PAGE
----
The Dalai Lama, spiritual leader of the Tibetan people, has hosted a series of Mind and Life Conferences in
Dharamsala, India – his city of exile since being forced to leave . The goal of these conferences is to foster dialog between Buddhists and Western scientists. He writes in the foreword to Train Your Mind, Change Your Brain, Begley (2007): Tibet
I have found that [Buddhism and modern science] have a great deal in common. By some accounts, both traditions are motivated by an urge to relieve the hardships of life. Both are suspicious of notions of absolutes, whether these imply the existence of a transcendent creator or an unchanging entity such as a soul, preferring to account for the emergence of life in the world in terms of the natural laws of cause and effect.
In conclusion, there are aspects of karma that exist within the realm of knowledge and direct experience, and there are aspects of karma that are incorporated into systems of belief. Each of us has our own internal barometer, so to speak, that guides us with respect to how much to rely on the former and how much to rely on the latter. Oh, if only my own barometer had allowed me to believe just a little bit more! Perhaps then I’d have been able to stay up in the gorgeous mountains of Buddhism for the rest of my life without ever crossing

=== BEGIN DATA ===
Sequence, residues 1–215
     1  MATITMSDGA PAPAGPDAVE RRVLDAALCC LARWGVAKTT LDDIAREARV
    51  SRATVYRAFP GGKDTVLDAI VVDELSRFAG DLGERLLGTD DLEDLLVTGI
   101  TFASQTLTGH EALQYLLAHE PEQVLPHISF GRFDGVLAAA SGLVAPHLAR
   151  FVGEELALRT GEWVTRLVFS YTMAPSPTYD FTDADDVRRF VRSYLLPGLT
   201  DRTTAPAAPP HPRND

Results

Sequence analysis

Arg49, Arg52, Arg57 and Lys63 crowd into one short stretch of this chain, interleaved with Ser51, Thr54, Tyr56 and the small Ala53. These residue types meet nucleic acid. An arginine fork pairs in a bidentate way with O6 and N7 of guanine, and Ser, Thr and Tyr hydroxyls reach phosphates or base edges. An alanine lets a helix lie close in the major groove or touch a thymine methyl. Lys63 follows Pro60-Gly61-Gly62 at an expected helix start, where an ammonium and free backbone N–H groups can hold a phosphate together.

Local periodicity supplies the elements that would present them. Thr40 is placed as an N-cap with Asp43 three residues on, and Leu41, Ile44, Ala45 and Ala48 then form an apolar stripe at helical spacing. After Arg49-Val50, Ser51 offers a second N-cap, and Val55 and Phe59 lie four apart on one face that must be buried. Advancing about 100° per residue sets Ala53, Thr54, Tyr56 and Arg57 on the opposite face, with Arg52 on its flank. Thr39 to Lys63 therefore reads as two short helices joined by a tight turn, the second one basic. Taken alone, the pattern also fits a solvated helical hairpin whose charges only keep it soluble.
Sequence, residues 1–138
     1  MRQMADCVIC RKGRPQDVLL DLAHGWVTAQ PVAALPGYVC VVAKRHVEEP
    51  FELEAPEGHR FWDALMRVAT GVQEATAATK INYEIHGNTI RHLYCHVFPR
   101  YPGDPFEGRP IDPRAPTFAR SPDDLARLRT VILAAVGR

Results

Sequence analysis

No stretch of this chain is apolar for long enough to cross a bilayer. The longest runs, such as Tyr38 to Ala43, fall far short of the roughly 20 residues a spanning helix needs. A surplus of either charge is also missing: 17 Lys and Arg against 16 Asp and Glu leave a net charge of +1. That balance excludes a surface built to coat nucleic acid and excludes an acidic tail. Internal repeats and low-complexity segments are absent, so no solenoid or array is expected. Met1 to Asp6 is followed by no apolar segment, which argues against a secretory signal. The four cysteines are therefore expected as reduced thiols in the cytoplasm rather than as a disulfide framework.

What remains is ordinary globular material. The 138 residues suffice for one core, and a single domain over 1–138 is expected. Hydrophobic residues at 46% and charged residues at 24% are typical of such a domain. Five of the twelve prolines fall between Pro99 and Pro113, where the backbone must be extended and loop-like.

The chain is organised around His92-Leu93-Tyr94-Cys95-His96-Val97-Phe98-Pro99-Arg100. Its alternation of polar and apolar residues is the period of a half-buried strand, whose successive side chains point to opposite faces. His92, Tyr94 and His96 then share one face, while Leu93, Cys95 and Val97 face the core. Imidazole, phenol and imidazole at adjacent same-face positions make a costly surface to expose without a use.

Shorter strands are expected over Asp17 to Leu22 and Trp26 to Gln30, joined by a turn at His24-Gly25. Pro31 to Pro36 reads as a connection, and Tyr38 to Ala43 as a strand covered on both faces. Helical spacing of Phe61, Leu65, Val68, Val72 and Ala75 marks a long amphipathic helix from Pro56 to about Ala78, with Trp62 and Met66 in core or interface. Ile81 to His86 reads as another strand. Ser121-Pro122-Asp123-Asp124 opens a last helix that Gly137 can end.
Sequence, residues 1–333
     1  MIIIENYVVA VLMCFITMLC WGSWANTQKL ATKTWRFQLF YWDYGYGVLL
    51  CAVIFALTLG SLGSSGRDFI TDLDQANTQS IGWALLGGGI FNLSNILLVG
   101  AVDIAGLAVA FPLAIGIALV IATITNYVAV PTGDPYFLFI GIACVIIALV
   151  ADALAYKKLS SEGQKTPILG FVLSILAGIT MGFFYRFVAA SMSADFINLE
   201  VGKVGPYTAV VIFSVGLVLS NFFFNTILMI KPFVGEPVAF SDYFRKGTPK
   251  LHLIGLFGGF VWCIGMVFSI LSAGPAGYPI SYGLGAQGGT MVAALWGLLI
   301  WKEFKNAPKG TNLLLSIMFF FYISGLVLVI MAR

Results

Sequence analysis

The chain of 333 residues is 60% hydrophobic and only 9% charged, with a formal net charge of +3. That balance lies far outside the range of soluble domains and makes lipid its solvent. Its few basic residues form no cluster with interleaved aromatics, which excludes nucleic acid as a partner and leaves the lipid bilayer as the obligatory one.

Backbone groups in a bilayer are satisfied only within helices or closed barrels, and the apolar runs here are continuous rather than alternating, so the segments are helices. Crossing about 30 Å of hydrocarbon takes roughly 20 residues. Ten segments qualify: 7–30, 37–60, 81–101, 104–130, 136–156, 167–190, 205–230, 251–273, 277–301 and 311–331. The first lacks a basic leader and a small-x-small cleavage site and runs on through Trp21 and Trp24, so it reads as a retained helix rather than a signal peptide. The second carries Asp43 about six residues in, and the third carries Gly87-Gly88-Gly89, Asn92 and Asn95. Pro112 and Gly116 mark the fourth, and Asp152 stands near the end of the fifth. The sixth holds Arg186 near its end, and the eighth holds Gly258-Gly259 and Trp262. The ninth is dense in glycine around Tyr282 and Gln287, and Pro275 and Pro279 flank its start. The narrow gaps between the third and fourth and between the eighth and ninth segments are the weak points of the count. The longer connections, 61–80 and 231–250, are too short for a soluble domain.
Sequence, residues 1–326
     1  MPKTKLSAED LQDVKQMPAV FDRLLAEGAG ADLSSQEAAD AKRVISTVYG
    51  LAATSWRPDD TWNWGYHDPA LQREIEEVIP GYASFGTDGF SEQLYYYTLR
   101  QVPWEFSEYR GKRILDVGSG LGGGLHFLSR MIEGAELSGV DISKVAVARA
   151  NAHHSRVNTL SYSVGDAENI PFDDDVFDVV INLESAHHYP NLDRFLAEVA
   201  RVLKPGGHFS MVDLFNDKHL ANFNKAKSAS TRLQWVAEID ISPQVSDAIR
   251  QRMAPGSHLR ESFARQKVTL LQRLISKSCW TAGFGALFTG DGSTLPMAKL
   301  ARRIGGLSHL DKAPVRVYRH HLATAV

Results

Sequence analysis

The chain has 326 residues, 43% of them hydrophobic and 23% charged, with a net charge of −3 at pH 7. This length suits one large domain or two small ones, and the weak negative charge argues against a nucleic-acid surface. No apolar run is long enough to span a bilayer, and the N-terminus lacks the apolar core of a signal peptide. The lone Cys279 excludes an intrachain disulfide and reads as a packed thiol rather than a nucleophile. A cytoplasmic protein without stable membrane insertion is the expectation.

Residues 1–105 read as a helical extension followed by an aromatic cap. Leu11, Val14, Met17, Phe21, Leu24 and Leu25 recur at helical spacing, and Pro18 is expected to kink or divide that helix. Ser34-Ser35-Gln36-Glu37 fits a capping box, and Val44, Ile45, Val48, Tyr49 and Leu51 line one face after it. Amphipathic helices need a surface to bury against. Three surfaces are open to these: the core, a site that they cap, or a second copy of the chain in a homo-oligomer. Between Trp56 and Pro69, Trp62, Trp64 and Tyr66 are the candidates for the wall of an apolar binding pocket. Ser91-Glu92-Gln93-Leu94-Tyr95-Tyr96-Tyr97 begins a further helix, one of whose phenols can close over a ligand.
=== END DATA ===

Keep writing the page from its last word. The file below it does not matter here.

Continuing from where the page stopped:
! Yes, belief is such a comfortable refuge. Alas, it is not my karma. Nebraska
Begley, S. (2007). Train your mind, change your brain: How neuroscience reveals our extraordinary potential to transform ourselves. Ballantine Books.
Csikszentmihalyi, M. (1990). Flow: The psychology of optimal experience. Harper Perennial.
McKechnie, J. L. (Ed.). (1979). Webster’s new twentieth century dictionary (2nd ed.).
New World Dictionaries/Simon and Schuster.
Prabhavananda, S., Isherwood, C. (1954) The song of God: Bhagavad-Gita. The New American Library. (Original publication date unknown)
Schuhmacher, S., Woerner, G. (1994). The encyclopedia of Eastern philosophy and religion. Shambhala Publications, Inc.
Yoshida, R. (1994). No self: A new systematic interpretation of Buddhism. The World Sacred Text Publishing Society –
Yoshida, R., Eilers, J., Ganio, K. (1982). Gaku-do-yojin-shu: Collection of cautions about learning the Way.
. (Genjokoan originally published 1233) Missouri Zen Center
Copyright 2011 by Maku Mark Frank
Weight Scale digital illustration courtesy Renjith Krishnan via: